Alia is doing her reading homework using a non-fiction book on Captain Cook’s voyages, selected from the primary school’s library. It is too hard for her, but she chooses to persevere with it. She reads to me a sentence describing how Cook had trouble with the Tahitians trying to get hold of items off his ship, by trade when possible and by theft when necessary. She starts the next sentence like this –
” ‘The women pursued this practice as much as the men and with much success…’ ”
I really hope this isn’t going where I think it’s going, and I steel myself.
” ‘…owing to their willingness to pay for shirts and nails with sexual favours.’ ”
And… there it is.
“Mum… what does ‘sexual favours’ mean?”
I take a deep breath.
“You remember how we talked about what ‘having sex’ meant?”
“Ye-es… ” Meaning, yes she remembers, but no, she doesn’t REALLY know what it means. She is, after all, only seven, and unlikely to understand it until she’s well into her teens. Even the twelve year old, when told what ‘pornography’ meant, pulled a face and said, “Ew, yuck!”
I press on. “Well, this means that the Tahitian women were going onto the ship and having sex with the sailors, and in return the sailors gave the women shirts and nails.”
“Oh,” she says indifferently. Then she brightens as a thought occurs to her. “So it’s like a kind of trade!”
“Yes…” The word ‘prostitute’ is foremost in my mind, but I don’t want to dig this hole any deeper than it already is. “The thing is, a lot of people think it’s a bad thing to have sex in exchange for money or possessions.”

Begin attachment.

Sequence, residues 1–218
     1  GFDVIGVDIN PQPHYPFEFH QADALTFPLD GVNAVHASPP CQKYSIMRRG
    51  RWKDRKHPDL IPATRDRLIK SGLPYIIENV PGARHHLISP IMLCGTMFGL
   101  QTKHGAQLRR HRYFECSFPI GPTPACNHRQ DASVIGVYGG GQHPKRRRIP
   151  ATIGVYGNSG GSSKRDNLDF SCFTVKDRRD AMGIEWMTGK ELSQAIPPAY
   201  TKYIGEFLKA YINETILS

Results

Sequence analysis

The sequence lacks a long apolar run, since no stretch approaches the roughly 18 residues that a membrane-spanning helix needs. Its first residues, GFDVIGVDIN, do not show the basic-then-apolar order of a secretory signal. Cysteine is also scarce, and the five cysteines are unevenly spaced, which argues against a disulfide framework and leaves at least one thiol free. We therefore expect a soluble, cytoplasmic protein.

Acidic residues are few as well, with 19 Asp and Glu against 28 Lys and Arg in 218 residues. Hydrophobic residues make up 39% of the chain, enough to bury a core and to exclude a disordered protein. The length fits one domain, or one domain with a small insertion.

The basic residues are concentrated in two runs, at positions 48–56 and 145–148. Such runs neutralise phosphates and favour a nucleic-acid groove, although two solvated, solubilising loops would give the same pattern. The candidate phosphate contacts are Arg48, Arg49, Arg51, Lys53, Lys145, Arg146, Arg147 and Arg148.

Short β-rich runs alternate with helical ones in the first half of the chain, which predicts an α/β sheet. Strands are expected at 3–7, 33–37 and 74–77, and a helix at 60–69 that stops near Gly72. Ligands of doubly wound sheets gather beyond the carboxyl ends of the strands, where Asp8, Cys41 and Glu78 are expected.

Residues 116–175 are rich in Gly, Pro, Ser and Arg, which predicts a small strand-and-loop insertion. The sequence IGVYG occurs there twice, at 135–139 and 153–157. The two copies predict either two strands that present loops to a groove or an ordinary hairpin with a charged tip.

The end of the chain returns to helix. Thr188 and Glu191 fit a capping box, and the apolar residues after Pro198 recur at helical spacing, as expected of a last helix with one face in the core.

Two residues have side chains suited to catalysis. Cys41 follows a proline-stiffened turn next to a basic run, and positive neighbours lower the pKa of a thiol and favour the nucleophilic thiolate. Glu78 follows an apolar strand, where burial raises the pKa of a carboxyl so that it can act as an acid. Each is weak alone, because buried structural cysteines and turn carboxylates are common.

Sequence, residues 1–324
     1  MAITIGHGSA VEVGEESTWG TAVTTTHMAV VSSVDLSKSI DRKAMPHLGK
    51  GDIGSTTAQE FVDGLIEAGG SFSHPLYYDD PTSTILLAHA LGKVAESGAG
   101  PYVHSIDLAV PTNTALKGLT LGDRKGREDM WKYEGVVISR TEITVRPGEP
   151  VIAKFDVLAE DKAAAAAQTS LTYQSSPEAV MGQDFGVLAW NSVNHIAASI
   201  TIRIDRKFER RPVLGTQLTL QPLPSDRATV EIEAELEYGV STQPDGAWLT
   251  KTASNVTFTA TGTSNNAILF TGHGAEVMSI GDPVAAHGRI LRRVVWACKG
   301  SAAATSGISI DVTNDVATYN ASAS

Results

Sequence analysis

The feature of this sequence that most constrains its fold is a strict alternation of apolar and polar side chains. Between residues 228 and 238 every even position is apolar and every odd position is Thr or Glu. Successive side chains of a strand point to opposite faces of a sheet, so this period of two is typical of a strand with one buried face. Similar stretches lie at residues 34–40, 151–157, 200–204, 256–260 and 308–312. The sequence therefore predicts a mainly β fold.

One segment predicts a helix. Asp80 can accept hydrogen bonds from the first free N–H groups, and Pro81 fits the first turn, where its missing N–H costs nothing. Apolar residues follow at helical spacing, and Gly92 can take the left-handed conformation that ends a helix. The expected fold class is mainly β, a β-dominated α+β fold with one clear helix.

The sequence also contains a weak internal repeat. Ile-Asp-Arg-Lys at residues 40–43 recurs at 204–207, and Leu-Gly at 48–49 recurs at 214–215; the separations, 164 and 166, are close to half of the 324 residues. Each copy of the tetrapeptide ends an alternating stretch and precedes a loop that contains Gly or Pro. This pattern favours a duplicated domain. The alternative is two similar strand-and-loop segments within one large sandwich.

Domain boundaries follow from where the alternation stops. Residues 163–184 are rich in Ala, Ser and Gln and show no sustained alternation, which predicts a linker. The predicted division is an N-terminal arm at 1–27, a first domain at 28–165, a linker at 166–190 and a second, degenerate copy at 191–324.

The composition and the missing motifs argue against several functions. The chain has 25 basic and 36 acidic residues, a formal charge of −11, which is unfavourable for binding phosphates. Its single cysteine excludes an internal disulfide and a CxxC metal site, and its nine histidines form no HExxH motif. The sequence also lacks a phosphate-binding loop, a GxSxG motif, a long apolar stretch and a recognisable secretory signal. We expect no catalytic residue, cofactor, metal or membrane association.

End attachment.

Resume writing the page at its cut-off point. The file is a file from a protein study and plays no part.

“Why? If they both say ‘yes’, then it’s OK…isn’t it?”
“Well… a lot of people think that you shouldn’t have sex with someone unless you love them.”
“Pffft. No, I don’t think it has to be like that.”
OK, so maybe she understands more about sex than I thought…
Throughout this short discussion, I am in turmoil. Do I explain the concept of prostitution to her, or put it aside for another day? Am I a bad mother for giving her the idea that prostitution is wrong? What if she grows up, and some of her best friends are prostitutes? What if she grows up and decides to become one herself? Would I support her if that were her chosen career path? Am I a bad mother for NOT giving her the idea that prostitution is wrong? Am I a bad mother for being an overly politically correct fence-sitter, not wanting to impress on her my own views on sexual morality? (Ethical behaviour, on the other hand, is an entirely different thing. In my opinion, the two only sometimes intersect).
It’s too hard for 8.15am on a Thursday morning. This is all the book’s fault, I decide, not mine. After all, what use is it living in a Culture of Blame if you can’t occasionally fob off one’s responsibilities onto an inanimate object?